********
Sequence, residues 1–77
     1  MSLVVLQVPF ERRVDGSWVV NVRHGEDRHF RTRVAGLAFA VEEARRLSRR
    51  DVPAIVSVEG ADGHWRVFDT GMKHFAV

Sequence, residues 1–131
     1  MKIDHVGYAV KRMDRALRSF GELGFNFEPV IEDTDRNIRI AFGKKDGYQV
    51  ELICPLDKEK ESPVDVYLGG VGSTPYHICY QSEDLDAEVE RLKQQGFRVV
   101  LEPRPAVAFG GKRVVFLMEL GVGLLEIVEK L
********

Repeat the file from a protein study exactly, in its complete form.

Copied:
Sequence, residues 1–77
     1  MSLVVLQVPF ERRVDGSWVV NVRHGEDRHF RTRVAGLAFA VEEARRLSRR
    51  DVPAIVSVEG ADGHWRVFDT GMKHFAV

Sequence, residues 1–131
     1  MKIDHVGYAV KRMDRALRSF GELGFNFEPV IEDTDRNIRI AFGKKDGYQV
    51  ELICPLDKEK ESPVDVYLGG VGSTPYHICY QSEDLDAEVE RLKQQGFRVV
   101  LEPRPAVAFG GKRVVFLMEL GVGLLEIVEK L